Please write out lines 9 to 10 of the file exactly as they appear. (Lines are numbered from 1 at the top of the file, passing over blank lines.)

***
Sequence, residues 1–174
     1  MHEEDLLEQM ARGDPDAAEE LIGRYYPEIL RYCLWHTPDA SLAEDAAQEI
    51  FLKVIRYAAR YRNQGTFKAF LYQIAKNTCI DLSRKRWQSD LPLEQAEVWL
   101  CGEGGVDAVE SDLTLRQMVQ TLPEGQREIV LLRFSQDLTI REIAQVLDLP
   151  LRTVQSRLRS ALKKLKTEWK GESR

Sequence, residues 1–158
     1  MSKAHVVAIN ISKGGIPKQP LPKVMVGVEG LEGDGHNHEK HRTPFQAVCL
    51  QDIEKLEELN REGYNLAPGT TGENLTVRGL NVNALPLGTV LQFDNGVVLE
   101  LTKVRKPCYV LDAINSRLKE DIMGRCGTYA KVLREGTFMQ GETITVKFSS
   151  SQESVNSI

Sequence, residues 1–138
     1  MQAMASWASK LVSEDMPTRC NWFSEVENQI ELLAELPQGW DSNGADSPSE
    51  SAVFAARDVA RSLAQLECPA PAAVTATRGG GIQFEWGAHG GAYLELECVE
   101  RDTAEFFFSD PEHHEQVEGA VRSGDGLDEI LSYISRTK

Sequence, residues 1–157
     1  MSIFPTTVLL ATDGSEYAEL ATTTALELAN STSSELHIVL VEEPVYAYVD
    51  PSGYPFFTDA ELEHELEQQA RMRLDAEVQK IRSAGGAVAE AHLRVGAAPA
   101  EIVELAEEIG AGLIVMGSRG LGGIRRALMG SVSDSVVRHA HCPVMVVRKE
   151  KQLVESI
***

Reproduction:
   101  LTKVRKPCYV LDAINSRLKE DIMGRCGTYA KVLREGTFMQ GETITVKFSS
   151  SQESVNSI